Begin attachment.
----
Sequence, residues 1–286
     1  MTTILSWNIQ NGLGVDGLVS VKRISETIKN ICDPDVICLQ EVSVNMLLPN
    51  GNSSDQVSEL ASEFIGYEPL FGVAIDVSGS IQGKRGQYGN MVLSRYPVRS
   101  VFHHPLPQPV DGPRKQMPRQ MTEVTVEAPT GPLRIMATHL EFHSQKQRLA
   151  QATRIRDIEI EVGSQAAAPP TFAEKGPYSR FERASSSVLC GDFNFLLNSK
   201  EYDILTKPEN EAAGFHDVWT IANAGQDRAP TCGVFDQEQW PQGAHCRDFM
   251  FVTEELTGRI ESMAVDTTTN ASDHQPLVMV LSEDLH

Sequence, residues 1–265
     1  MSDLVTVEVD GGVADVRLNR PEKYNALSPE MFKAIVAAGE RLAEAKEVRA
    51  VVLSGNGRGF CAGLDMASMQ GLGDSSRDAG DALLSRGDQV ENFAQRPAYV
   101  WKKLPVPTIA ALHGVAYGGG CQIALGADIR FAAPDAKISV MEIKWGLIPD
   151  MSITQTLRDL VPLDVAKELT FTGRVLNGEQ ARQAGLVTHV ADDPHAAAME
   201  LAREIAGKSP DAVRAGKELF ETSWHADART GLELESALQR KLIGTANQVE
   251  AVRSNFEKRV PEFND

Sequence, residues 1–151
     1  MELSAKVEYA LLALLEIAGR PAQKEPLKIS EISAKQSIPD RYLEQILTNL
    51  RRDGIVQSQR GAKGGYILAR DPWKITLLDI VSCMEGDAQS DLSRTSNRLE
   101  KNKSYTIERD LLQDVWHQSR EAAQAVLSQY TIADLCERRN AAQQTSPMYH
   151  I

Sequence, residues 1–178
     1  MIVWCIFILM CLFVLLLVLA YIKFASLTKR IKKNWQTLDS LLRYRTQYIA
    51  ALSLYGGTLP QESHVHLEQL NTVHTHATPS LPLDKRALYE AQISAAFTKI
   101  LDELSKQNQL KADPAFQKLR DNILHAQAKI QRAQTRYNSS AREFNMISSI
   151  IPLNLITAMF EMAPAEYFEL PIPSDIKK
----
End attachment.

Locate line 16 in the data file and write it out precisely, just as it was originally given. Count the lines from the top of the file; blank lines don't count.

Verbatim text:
     1  MELSAKVEYA LLALLEIAGR PAQKEPLKIS EISAKQSIPD RYLEQILTNL